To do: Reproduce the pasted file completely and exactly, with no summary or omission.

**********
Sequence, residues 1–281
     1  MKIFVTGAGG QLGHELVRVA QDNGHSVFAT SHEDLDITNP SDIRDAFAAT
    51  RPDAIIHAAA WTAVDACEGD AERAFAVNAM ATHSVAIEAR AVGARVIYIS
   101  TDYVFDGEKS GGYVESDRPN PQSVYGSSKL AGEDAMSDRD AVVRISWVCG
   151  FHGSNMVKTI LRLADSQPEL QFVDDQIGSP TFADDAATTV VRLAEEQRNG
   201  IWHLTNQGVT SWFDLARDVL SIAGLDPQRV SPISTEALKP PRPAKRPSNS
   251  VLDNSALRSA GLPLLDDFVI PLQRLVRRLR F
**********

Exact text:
Sequence, residues 1–281
     1  MKIFVTGAGG QLGHELVRVA QDNGHSVFAT SHEDLDITNP SDIRDAFAAT
    51  RPDAIIHAAA WTAVDACEGD AERAFAVNAM ATHSVAIEAR AVGARVIYIS
   101  TDYVFDGEKS GGYVESDRPN PQSVYGSSKL AGEDAMSDRD AVVRISWVCG
   151  FHGSNMVKTI LRLADSQPEL QFVDDQIGSP TFADDAATTV VRLAEEQRNG
   201  IWHLTNQGVT SWFDLARDVL SIAGLDPQRV SPISTEALKP PRPAKRPSNS
   251  VLDNSALRSA GLPLLDDFVI PLQRLVRRLR F